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Baby Massage Tips

by Maxine
Posted August 18 2010 11:00am
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Our experts have developed this list of tips to help you when you’re using baby massage. Remember, it’s best to learn baby massage techniques from a certified Baby Massage Instructor.

  • You can start infant massage at one month of age for only 10 to 15 minutes while watching your baby's cues. Be cautious with babies who are ultra sensitive. You may have to wait until your baby is older to start. A few babies may be so sensitive to touch that they will never be able to stand massage.
  • The best time to massage your baby is during the "quiet, alert" state which is when your baby is relaxed with his eyes open and making lots of eye contact.
  • Some babies may not enjoy massage the first time. Your baby may be tired or hungry, or may have a full stomach. Your baby may also be reacting to this new experience. Try gentle strokes, gentle tones or singing may help your baby relax. If your baby is still upset, try again later.
  • It's OK if your baby really doesn't enjoy massage. Some babies need to wait until they are older.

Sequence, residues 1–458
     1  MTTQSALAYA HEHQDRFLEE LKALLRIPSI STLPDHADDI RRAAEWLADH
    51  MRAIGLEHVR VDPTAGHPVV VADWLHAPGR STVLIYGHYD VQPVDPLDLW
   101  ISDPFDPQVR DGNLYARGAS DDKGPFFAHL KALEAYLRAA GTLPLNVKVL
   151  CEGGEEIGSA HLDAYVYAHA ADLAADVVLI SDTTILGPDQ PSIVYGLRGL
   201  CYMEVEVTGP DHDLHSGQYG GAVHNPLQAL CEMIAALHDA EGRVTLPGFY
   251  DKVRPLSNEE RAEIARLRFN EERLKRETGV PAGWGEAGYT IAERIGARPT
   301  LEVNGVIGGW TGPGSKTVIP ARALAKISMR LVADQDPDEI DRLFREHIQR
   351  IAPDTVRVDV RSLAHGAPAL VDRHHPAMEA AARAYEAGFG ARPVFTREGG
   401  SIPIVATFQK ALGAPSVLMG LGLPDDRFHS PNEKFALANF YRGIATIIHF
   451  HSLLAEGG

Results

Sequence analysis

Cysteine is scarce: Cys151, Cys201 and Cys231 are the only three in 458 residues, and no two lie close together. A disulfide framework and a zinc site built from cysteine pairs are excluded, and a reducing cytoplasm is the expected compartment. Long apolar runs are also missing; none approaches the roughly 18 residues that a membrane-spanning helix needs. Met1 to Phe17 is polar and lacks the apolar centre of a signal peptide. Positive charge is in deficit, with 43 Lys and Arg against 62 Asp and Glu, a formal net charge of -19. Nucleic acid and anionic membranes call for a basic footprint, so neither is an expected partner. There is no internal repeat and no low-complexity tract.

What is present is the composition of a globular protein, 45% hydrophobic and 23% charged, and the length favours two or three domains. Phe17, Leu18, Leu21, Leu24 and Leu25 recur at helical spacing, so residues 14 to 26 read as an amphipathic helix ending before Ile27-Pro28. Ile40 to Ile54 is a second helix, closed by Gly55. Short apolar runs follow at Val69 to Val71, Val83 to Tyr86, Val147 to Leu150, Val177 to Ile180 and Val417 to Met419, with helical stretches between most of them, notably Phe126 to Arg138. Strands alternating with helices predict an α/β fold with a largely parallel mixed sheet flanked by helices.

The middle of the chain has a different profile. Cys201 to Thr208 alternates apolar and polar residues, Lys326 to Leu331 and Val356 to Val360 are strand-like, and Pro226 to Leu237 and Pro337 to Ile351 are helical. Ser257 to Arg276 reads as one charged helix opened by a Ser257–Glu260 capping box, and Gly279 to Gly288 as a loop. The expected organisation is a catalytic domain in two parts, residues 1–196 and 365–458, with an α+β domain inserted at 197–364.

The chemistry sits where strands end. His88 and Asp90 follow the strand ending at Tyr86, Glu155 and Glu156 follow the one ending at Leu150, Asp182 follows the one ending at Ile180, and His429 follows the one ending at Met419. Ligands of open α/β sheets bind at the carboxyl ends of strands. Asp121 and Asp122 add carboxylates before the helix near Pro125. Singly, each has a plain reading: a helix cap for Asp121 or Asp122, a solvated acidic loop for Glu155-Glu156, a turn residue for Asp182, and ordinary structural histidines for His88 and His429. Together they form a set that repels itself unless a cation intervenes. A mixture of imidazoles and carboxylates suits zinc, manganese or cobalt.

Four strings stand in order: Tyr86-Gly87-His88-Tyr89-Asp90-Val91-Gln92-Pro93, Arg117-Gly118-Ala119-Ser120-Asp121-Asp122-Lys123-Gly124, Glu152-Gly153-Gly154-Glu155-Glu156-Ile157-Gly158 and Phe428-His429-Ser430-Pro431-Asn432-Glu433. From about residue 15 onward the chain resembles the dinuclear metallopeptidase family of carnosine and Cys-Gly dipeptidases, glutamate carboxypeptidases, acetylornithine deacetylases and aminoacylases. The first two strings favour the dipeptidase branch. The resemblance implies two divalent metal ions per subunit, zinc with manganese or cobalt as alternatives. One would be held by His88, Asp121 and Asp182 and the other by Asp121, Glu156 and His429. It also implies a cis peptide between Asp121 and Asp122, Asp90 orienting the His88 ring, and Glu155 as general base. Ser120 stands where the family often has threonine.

• Know that not all babies will enjoy massage, no matter how wonderful your skills.
  • If you are using massage oil, make sure it is safe and edible as little hands and feet end up in baby's mouth. Oils, such as grape seed or safflower can be used. Oils and lotions made just for babies can also be used.
  • Often babies will spontaneously urinate the first time they experience massage, so be prepared just in case!
  • Don't wear any jewelry that may scratch your baby.
  • Your baby should be completely naked or wearing only a diaper when being massaged; make sure the room is warm enough.
  • Talk gently to your baby, or maybe sing her favorite songs as you massage, and listen to your baby "talking" back.
  • Establish a routine. Put aside 15 minutes every day for infant massage and try to do it at a more quiet time in your baby's day
  • Choose a time when your baby isn't too hungry and when you aren't rushed.
  • Ask your baby's permission before beginning to massage; this helps to promote healthy touch. For example, "Taylor, is it okay if I give you a massage?"
  • Look for cues that would indicate your baby does not wish to be massaged, such as turning their head away, stiffening or pushing away.
  • Have fun!

Sources: Tina Holden, Child, Youth & Family Consultant, British Columbia.
Jill Vyse, Massage Therapist, International Association of Infant Massage, Canadian Chapter.

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